In 1983, Howard Gardner introduced his Theory of Multiple Intelligence in his book "Frames of Mind." Through his work as a professor and a psychologist, Gardner suggested that intelligence was not a single attribute that could be measured and given a number. In his book he pointed out that IQ tests measure verbal, logical-mathematical, and some special intelligence. But Gardner believed that there were many other kinds of intelligences that are also important factors in human capability.
In his book" Frames of Mind", Gardner states that culture plays a role in intelligence, as well as biological makeup. A person is born with a certain potential which guides development down a certain path. Neither of these, biological makeup or culture, can develop intelligence without the other.
Gardner gives his definition of intelligence, "A human intellectual competence must entail a set of skills of problem solving- enabling the individual to resolve genuine problems or difficulties that he or she encounters and when appropriate, to create an effective product- and must also entail the potential for finding or creating problems- thereby laying the ground work for the acquisition of new knowledge."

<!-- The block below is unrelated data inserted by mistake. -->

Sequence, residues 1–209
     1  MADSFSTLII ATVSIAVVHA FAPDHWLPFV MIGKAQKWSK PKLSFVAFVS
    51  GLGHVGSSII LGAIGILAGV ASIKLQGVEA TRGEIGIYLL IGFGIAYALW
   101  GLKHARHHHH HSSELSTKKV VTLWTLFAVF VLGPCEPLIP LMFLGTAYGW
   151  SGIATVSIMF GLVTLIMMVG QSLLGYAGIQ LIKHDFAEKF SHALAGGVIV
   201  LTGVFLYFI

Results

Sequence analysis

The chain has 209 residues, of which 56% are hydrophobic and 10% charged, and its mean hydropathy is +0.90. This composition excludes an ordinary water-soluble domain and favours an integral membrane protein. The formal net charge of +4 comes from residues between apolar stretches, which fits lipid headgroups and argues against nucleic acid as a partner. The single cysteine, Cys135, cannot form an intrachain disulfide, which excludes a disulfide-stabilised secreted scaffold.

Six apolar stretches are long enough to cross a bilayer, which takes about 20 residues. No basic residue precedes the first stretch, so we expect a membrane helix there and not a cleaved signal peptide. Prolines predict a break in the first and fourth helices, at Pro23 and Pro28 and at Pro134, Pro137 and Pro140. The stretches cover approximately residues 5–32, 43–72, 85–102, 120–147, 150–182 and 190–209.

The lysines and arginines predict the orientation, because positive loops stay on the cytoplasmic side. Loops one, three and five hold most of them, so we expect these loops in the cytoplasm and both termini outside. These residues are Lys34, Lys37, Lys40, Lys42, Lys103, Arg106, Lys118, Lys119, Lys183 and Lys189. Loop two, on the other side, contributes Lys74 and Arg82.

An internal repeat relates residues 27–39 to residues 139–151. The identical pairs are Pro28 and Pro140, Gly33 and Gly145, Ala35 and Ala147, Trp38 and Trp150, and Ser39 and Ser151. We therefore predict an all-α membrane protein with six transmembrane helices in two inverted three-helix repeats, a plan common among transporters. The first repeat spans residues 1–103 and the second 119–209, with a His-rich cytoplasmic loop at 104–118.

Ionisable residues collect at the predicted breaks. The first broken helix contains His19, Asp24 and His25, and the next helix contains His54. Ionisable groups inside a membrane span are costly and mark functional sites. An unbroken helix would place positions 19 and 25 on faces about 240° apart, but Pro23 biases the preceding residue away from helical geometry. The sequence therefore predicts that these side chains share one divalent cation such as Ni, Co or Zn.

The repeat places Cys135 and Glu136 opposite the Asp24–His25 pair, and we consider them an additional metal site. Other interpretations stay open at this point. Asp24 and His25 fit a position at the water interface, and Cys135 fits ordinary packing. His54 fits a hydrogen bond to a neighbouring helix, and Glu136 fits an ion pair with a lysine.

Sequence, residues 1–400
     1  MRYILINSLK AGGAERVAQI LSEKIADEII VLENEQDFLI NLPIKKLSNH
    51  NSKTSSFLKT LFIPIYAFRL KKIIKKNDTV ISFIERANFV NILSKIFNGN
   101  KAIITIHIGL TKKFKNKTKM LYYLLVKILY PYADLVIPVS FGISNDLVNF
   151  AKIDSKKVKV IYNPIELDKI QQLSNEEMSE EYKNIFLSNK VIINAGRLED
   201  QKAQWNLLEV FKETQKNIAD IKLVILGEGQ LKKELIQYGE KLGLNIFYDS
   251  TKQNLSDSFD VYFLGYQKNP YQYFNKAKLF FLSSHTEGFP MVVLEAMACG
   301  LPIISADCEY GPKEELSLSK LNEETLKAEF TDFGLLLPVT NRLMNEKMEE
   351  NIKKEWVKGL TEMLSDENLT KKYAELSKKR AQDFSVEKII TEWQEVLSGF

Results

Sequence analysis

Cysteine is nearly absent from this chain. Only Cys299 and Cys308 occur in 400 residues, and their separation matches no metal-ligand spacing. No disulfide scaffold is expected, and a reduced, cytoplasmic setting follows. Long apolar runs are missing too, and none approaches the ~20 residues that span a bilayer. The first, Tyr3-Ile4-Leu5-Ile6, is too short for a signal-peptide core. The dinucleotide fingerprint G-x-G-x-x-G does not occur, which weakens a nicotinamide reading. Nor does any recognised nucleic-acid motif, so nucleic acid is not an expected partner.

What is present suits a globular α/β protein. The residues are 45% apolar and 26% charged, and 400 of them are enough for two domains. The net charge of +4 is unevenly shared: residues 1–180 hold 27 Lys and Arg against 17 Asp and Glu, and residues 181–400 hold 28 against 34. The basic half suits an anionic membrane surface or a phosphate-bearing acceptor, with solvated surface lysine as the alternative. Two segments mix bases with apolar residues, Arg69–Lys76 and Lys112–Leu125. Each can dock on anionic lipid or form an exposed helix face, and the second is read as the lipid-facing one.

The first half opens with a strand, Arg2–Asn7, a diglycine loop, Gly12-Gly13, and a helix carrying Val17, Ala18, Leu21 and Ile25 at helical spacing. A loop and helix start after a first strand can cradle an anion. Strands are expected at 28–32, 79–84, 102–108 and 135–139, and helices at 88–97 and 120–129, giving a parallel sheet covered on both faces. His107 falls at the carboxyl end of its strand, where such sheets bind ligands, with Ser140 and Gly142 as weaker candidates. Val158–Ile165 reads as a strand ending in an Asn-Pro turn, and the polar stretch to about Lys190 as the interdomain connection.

Gardner sets his criteria for measuring intelligence. The first one being that a person can have brain damage in a certain section in the brain and that section is the obky thing that is not functional, all the rest of the parts are. The existence of idiot savants, prodigies and other exceptional individuals is the second criteria. An identifiable core operation or set of operations, a distinctive developmental history and evolutionary plausibility, support from experimental psychological tasks, support from psychometric findings and susceptibility to encode in a symbol system are the rest of Gardners' criteria of intelligence.
According to Howard Gardner, there are eight distinct intelligences that can be linked to their...